(Hn 8) Thus we arrive at the conclusion that appellant Ogle was not charged with constructive notice by the will of Mrs. Wilson that Mrs. Harper's right to lease the Featherston Place was restricted or involved any fiduciary relationship between Mrs. Harper, the life tenant, and Mrs. Durley, the beneficiary of the charge.
(Hn 9) There was no proof of fraud or bad faith on the part of Ogle or Mrs. Harper in entering into the lease in question, nor is there any contention made that there was a mistake of material fact that might invalidate the lease. The lease was for a valuable and substantial consideration. The law will not weigh the quantum of the consideration in a contract, and so long as it is something of real value in the eyes of the law it is sufficient. 17 C.J.S., Contracts, Sec. 127.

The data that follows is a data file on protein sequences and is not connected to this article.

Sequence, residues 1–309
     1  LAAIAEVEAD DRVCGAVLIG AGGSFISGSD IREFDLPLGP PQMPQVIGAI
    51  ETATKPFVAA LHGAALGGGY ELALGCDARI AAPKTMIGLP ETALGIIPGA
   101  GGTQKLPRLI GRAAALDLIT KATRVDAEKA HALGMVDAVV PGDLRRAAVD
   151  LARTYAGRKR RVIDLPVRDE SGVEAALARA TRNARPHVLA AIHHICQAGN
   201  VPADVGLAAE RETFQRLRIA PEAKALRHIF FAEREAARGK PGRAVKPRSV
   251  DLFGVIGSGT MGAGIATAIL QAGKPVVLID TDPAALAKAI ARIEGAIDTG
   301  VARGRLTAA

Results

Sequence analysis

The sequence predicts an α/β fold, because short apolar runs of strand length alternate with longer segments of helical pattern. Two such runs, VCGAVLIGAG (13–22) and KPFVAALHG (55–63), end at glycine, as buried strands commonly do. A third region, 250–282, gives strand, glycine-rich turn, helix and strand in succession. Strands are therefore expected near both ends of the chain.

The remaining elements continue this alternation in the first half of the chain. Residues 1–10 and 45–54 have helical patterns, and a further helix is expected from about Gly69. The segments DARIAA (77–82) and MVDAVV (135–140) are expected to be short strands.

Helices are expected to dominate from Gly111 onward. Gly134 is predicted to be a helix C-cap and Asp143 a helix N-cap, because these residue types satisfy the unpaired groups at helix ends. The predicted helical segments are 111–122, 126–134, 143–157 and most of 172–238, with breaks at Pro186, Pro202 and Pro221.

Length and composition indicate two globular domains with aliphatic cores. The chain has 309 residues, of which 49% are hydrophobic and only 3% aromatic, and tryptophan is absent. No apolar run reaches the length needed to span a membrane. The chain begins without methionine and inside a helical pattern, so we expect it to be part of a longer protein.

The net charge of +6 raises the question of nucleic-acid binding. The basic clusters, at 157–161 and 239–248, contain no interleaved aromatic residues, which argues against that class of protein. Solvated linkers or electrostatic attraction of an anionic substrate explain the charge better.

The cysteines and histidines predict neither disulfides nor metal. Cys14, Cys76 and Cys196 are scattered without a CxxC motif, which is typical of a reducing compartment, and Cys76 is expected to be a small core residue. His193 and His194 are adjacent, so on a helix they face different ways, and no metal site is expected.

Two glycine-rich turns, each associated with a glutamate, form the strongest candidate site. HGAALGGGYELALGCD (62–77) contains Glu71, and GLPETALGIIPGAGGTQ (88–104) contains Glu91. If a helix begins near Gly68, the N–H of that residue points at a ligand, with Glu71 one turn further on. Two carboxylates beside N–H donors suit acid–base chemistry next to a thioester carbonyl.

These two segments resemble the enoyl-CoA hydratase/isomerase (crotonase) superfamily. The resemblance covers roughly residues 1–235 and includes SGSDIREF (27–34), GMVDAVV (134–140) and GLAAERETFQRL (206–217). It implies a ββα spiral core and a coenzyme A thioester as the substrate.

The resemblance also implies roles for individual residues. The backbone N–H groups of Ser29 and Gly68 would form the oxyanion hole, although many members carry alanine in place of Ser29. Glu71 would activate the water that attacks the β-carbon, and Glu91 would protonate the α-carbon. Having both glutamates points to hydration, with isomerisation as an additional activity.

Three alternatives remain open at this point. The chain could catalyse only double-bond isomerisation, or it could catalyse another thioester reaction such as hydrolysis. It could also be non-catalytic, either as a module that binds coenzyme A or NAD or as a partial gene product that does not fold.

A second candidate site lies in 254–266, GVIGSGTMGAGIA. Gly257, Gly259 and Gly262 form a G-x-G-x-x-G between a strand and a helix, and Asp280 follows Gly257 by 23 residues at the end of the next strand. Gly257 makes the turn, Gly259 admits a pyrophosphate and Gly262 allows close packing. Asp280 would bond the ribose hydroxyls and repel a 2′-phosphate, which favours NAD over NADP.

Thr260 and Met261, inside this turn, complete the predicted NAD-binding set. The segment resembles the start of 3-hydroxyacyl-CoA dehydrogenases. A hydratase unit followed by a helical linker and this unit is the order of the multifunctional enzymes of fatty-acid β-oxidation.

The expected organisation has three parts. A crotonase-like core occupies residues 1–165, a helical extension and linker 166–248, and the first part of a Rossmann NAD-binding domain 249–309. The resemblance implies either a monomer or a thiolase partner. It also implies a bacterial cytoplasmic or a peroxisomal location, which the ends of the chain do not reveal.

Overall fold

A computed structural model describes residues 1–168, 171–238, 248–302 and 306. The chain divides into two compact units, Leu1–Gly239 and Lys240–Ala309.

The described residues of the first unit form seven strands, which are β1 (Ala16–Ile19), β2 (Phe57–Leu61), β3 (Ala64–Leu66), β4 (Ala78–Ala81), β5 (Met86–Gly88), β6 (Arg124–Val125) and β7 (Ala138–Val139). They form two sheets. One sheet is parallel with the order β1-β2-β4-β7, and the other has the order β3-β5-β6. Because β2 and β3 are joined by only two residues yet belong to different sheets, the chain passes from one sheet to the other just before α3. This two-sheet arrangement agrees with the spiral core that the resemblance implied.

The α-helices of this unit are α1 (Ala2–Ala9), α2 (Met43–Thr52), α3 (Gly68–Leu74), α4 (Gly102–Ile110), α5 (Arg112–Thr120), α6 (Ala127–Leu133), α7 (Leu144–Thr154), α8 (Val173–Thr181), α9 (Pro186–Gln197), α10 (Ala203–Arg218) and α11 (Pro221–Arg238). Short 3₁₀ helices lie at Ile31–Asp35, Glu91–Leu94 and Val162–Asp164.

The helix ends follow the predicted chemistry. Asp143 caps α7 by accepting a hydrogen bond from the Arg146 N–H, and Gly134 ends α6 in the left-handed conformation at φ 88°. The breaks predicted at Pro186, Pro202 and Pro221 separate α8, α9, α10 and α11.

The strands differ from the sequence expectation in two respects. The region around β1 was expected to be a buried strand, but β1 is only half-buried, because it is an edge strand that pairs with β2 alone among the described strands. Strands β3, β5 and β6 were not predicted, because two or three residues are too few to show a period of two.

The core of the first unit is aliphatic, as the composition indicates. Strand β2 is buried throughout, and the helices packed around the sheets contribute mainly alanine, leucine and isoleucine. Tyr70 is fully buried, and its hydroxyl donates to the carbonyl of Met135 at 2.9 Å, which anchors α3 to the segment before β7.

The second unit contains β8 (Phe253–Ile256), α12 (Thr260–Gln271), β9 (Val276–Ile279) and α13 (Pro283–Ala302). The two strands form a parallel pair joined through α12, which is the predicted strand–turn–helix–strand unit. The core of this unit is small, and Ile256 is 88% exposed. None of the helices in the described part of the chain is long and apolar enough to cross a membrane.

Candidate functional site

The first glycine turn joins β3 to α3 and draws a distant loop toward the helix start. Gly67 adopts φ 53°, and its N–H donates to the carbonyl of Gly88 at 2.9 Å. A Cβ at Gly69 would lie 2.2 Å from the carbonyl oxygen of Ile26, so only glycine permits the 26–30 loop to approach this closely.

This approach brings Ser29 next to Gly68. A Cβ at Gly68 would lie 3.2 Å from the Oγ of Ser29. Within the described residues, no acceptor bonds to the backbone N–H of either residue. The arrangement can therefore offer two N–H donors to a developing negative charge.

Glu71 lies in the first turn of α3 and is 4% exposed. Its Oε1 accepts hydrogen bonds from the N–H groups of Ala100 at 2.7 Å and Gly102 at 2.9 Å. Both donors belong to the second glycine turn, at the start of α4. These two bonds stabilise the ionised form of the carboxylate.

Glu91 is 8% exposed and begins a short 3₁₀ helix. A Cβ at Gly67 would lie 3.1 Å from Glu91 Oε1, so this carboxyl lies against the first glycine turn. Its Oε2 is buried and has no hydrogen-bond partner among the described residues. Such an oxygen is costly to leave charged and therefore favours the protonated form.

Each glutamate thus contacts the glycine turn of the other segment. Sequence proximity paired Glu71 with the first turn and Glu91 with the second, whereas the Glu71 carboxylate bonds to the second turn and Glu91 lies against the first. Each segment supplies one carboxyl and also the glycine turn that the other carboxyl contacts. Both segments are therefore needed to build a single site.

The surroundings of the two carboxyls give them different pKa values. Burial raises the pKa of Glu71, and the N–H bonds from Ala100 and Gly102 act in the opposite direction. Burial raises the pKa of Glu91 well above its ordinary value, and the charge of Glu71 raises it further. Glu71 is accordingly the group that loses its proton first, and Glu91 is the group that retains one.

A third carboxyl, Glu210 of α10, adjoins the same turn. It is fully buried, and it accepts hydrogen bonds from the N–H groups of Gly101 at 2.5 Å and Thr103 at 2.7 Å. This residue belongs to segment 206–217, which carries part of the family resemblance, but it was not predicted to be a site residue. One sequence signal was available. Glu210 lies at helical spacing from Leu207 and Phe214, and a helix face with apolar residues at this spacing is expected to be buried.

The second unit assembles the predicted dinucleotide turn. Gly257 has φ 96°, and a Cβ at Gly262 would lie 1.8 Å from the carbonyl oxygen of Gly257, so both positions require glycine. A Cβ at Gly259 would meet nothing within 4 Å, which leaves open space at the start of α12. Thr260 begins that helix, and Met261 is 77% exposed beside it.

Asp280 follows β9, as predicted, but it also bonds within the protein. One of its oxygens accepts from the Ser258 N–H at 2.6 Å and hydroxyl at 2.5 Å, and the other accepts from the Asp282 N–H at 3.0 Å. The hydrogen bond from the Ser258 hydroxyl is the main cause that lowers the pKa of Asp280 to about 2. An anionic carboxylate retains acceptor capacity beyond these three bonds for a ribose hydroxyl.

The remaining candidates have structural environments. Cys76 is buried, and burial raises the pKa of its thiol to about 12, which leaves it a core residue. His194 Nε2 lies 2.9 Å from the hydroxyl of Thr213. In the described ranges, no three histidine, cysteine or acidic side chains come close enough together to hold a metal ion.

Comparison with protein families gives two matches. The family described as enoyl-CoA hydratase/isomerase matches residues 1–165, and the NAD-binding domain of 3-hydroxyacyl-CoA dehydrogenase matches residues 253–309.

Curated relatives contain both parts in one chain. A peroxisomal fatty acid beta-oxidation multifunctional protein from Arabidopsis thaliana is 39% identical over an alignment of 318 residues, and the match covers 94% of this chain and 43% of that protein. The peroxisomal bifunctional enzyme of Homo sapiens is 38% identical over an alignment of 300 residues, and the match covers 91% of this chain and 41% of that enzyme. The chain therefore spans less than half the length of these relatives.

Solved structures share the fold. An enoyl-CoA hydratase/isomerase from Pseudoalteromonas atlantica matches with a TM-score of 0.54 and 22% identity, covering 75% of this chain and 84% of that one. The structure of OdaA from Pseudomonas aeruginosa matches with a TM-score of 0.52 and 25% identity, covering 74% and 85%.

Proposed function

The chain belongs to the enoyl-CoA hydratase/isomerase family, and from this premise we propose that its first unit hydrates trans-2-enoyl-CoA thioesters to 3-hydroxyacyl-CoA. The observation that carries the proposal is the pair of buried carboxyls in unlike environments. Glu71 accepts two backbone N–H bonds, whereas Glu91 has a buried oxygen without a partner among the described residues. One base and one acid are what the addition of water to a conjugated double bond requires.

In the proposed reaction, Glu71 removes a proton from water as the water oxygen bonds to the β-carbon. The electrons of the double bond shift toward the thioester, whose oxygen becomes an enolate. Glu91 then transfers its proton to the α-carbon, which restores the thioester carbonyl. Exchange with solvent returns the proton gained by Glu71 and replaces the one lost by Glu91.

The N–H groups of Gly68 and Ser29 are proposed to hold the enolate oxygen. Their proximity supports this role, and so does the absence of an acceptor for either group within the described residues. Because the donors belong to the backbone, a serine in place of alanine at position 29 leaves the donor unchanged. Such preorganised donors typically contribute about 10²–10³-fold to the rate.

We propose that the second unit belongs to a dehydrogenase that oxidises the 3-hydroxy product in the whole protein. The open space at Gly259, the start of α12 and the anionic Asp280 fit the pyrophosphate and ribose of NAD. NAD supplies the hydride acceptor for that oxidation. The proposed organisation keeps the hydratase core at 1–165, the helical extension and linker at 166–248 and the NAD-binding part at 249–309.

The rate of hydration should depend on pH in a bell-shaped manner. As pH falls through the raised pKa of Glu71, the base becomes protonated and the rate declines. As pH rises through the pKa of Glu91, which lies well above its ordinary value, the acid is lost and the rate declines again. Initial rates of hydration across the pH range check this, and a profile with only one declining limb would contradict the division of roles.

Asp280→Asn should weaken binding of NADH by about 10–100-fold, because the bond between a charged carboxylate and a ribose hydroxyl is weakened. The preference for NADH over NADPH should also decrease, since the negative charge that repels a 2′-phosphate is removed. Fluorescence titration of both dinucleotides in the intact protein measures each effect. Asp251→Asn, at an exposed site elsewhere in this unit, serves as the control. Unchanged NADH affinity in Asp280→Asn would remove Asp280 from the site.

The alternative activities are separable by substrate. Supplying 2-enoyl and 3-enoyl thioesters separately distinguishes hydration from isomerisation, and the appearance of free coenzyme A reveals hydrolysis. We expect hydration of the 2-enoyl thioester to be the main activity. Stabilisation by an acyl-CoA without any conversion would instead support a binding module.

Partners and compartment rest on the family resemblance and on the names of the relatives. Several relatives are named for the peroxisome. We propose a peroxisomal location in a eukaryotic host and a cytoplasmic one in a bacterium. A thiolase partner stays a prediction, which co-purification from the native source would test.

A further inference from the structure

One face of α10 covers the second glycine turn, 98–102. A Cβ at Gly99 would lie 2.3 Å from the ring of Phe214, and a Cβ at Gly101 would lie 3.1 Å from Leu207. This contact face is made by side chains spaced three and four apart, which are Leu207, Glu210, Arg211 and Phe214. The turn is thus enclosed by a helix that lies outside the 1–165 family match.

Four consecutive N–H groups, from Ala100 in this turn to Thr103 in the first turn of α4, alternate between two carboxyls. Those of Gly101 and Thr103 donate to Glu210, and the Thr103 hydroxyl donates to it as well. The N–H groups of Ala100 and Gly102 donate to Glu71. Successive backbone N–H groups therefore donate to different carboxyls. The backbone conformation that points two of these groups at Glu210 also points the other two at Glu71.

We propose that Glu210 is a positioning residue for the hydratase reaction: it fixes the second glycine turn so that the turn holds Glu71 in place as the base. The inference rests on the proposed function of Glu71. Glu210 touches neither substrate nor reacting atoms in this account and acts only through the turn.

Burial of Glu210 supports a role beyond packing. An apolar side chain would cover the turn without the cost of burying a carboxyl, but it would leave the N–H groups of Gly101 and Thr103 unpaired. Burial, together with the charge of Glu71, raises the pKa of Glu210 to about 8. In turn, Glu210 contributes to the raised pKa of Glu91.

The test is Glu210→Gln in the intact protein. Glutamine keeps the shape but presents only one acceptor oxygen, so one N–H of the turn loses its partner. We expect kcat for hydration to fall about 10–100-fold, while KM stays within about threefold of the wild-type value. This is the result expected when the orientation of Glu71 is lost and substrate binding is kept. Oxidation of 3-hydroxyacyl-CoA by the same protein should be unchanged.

For the reasons stated, we hold that the lease contract between Mrs. Harper and appellant dated January, 1950 for a five-year term beginning January 1, 1953, was valid and binding on the parties. The bill of complaint should have been dismissed. We reverse the case and render judgment here for the appellant.
Reversed and judgment here for appellant.
McGehee, C.J., and Kyle, Arrington and Ethridge, JJ., concur.